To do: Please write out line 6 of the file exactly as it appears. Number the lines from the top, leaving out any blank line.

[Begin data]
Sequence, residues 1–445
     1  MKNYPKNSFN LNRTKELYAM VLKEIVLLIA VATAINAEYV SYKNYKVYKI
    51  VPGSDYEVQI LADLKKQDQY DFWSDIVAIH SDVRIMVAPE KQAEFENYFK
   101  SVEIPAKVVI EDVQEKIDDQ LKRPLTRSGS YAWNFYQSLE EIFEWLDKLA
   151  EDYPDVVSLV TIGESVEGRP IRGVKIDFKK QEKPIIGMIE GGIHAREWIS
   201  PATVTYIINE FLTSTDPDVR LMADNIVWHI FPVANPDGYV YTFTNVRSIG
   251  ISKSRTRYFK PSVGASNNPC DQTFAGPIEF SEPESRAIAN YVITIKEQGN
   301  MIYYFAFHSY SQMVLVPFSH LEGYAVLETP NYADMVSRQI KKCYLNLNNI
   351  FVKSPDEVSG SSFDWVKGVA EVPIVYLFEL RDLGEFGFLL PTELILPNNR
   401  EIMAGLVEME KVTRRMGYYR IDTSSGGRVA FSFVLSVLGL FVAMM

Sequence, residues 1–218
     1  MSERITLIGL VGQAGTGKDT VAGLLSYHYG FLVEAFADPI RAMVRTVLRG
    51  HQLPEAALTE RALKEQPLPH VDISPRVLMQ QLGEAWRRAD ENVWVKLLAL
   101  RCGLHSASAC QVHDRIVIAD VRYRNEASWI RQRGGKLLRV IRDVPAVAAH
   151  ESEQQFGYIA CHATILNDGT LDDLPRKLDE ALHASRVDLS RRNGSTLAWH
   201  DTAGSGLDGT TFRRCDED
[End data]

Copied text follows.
   201  PATVTYIINE FLTSTDPDVR LMADNIVWHI FPVANPDGYV YTFTNVRSIG